Animal-vehicle crash database and map application launched

Elk have been known to even wander into densely populated areas such as Lasnamäe pictured here. Due to their sheer size, colliding with one in a car can be fatal for occupants as well as the animal. Source: ERR

The Estonian Road Administration and the environmental consultancy company Hendrikson & Ko have developed an app after analyzing data about animal-vehicle crashes that took place on state roads.

On the basis of the data, a public map application was developed showing users the road sections where collisions with animals are most likely to happen, the Road Administration said on Friday. 

The purpose of the work was to organize and geolocate the information about animal-vehicle crashes forwarded to the Road Administration via the hotline at 1313 between 2014 and 2018 and to build a database.

Villu Lukk, head of the environment service at the Road Administration, said: "In addition to danger posed to humans, animal-vehicle crashes cause damage also to animals, while roads with intense traffic break up wild animal habitats."

"The map application enables users to find out on which roads the biggest numbers of accidents involving wild animals have taken place and where the dangerous road sections are located. It is a good tool for the Road Administration, our cooperation partners and ordinary participants in road traffic alike," he said.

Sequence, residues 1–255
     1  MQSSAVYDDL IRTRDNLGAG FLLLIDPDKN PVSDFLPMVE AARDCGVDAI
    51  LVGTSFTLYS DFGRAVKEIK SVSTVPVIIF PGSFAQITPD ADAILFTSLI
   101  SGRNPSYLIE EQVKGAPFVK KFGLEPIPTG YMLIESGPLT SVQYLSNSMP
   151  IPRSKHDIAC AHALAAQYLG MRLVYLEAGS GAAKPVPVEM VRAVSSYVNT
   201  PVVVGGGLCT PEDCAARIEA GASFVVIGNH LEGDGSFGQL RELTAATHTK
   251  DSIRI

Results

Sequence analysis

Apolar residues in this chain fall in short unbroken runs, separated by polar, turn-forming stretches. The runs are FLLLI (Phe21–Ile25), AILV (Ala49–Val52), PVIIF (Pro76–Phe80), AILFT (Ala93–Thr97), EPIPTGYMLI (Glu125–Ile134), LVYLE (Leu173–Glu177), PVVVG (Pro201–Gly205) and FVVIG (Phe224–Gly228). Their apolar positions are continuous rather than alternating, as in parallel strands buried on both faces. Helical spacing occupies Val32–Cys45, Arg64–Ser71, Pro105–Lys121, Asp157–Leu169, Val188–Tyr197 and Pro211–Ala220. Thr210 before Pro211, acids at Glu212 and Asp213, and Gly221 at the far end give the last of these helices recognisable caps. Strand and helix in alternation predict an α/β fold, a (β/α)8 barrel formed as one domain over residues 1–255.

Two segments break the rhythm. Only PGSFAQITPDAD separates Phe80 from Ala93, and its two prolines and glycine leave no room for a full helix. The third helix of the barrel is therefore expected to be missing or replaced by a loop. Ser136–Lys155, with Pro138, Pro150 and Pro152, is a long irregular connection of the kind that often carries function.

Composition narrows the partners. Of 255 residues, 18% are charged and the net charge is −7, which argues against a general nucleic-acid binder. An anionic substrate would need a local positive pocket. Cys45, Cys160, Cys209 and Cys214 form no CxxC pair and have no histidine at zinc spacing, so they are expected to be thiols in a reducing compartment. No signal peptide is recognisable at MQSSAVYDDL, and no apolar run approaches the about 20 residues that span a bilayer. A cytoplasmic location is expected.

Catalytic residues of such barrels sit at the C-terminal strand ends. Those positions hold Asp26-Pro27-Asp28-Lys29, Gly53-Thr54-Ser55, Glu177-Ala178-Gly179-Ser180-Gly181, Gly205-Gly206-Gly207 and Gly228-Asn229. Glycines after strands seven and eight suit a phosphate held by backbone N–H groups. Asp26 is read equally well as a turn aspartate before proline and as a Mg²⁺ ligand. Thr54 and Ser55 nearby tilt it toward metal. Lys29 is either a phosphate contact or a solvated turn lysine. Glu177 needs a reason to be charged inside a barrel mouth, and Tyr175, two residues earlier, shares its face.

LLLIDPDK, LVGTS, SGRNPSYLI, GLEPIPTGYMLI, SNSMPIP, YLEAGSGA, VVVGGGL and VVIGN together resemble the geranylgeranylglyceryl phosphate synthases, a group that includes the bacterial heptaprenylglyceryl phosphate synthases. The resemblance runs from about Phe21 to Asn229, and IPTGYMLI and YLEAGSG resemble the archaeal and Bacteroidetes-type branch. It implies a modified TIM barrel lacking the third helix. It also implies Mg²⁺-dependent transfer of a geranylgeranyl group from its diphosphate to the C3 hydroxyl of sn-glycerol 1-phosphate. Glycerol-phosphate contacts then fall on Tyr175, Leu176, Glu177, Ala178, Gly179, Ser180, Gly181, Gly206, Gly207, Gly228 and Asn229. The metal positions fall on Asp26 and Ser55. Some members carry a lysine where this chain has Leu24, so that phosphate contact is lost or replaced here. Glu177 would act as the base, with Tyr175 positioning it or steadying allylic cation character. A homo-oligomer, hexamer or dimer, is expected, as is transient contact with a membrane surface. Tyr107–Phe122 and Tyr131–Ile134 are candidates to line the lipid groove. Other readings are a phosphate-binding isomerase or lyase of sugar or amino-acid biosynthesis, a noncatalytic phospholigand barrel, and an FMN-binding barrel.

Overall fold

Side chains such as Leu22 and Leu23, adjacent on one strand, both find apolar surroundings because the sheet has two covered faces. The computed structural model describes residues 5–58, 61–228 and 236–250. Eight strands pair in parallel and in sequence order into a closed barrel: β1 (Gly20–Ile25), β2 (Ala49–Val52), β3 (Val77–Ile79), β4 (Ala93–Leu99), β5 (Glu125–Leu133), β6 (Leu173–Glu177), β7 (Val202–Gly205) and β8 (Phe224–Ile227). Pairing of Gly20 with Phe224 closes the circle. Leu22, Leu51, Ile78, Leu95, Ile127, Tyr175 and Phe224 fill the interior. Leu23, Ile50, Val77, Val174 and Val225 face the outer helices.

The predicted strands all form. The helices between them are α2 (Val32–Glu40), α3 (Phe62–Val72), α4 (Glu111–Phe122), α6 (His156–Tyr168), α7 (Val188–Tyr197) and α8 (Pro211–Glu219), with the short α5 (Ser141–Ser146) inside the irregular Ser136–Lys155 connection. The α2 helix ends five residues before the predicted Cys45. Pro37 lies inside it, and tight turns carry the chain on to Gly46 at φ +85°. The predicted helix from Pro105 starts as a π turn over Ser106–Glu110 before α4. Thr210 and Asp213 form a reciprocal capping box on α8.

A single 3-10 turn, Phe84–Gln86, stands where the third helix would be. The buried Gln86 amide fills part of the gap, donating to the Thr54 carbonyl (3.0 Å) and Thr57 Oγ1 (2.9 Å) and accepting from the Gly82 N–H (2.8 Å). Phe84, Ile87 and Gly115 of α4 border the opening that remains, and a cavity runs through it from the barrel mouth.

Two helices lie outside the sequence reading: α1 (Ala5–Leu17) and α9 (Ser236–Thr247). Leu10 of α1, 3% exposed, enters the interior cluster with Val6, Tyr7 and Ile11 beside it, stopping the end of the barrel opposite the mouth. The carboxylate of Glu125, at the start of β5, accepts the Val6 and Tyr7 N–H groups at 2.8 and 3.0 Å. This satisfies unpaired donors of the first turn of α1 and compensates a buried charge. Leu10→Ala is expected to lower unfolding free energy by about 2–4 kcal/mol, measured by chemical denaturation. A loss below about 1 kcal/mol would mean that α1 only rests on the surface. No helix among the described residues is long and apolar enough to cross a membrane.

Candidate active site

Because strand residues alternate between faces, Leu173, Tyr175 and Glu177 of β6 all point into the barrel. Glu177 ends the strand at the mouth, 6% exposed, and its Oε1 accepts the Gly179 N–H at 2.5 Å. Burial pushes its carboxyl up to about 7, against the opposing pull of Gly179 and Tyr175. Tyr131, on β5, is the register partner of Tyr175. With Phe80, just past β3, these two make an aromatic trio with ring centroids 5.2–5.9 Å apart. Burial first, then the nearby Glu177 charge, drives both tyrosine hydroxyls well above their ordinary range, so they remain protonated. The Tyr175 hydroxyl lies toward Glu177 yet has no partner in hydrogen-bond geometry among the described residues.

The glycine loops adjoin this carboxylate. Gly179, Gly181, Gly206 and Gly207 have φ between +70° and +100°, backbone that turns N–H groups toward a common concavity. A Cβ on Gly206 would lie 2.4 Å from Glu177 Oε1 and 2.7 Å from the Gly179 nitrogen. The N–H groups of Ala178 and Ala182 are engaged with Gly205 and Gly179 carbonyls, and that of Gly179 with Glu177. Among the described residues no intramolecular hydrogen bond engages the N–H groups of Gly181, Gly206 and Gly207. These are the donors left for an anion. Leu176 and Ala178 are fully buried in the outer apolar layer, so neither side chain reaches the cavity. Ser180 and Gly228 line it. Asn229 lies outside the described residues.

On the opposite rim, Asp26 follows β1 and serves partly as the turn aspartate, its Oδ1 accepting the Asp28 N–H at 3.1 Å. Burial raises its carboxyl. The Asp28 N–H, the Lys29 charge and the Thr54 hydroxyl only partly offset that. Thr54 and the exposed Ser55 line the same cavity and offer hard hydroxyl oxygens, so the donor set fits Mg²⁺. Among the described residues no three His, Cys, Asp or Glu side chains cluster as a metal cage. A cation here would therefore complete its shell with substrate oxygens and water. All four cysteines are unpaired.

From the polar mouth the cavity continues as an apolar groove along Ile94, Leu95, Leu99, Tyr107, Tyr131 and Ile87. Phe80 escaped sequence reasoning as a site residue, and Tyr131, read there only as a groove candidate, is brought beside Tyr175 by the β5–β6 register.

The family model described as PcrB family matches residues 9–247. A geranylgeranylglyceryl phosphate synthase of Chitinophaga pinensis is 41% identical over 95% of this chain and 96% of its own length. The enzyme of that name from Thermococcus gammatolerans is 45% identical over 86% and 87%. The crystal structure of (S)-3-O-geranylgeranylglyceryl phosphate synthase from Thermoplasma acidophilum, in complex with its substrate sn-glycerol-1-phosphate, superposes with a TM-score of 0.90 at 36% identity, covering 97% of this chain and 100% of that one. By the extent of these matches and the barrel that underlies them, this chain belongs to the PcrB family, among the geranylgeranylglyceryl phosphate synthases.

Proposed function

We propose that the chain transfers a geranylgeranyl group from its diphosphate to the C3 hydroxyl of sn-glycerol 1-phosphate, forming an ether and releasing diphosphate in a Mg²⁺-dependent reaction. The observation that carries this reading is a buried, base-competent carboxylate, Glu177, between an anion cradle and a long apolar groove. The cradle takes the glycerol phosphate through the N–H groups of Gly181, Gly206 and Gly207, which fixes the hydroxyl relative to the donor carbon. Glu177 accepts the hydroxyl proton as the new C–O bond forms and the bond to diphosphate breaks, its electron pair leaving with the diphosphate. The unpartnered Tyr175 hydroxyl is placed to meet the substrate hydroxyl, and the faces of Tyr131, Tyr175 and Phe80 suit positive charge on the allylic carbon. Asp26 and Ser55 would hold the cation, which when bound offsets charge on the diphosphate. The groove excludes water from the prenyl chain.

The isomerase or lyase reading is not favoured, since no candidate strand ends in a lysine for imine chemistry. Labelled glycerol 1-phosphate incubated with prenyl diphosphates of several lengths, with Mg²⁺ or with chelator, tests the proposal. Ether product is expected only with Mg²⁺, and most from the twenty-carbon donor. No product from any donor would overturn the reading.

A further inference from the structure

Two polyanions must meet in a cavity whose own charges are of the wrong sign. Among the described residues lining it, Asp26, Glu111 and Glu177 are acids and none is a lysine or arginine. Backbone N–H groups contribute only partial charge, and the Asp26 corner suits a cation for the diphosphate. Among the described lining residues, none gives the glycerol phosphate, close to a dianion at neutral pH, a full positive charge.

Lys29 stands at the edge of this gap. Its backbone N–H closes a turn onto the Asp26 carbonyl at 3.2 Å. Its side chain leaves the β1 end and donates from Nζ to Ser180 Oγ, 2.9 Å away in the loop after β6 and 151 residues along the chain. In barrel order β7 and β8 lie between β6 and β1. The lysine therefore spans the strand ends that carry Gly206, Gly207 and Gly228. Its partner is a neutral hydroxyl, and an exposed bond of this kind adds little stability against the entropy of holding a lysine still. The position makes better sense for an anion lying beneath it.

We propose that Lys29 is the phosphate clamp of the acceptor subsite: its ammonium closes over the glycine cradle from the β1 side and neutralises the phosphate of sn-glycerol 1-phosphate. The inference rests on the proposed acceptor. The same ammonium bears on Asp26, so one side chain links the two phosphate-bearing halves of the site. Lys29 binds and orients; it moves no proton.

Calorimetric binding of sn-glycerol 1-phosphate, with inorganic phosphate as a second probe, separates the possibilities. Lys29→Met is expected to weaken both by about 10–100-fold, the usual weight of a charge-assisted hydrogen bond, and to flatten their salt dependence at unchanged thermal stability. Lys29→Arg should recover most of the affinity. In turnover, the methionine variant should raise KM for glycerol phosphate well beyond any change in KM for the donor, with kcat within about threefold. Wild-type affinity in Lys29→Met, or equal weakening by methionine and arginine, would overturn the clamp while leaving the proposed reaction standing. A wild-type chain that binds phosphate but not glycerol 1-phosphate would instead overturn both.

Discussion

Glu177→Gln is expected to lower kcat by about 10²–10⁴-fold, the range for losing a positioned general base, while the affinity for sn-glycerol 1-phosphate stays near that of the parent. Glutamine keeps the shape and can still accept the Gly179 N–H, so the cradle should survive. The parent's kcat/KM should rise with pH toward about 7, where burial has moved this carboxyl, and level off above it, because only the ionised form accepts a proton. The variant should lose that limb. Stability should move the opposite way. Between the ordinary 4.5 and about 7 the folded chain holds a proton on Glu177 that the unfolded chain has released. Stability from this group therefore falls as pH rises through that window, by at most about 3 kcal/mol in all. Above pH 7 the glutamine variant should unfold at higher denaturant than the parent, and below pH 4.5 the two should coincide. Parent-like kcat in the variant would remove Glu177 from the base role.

A map app made by the Estonian Road Administration and environmental consultancy company Hendrikson & Ko developed an app of animal-related accidents in Estonia. Source: Estonian Road Administration

The dangerous road sections have been identified using data about the locations of accidents involving wild animals and spatial data about landscape elements facilitating the movement of wild animals.

The analysis identified 1,443 statistically significant places of concentration of accidents on a total of 322 kilometers of state roads. Such clusters account for approximately 1.9 percent of the total length of the Estonian state road network.

The identification of clusters is based on accident data for the ten-year period from 2009-2018 and the clusters were identified using the KDE+ methodology developed by the Czech Transport Research Center, which has been used for the analysis of animal-vehicle crash data in several similar surveys in recent years. 

The map application in Estonian is available here.


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Editor: Helen Wright

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